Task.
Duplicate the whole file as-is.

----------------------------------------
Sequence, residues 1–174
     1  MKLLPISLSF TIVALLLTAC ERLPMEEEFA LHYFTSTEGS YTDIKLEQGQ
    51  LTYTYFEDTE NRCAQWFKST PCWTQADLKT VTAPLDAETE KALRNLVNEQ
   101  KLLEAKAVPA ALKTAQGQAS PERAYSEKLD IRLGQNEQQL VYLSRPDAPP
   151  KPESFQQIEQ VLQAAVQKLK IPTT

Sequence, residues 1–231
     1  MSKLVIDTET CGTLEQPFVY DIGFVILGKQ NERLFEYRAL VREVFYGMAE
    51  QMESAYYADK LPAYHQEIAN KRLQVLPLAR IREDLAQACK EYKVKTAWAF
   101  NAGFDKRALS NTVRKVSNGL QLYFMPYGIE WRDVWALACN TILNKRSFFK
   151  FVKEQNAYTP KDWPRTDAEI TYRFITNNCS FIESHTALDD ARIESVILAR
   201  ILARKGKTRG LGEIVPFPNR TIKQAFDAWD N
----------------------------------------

Sequence, residues 1–174
     1  MKLLPISLSF TIVALLLTAC ERLPMEEEFA LHYFTSTEGS YTDIKLEQGQ
    51  LTYTYFEDTE NRCAQWFKST PCWTQADLKT VTAPLDAETE KALRNLVNEQ
   101  KLLEAKAVPA ALKTAQGQAS PERAYSEKLD IRLGQNEQQL VYLSRPDAPP
   151  KPESFQQIEQ VLQAAVQKLK IPTT

Sequence, residues 1–231
     1  MSKLVIDTET CGTLEQPFVY DIGFVILGKQ NERLFEYRAL VREVFYGMAE
    51  QMESAYYADK LPAYHQEIAN KRLQVLPLAR IREDLAQACK EYKVKTAWAF
   101  NAGFDKRALS NTVRKVSNGL QLYFMPYGIE WRDVWALACN TILNKRSFFK
   151  FVKEQNAYTP KDWPRTDAEI TYRFITNNCS FIESHTALDD ARIESVILAR
   201  ILARKGKTRG LGEIVPFPNR TIKQAFDAWD N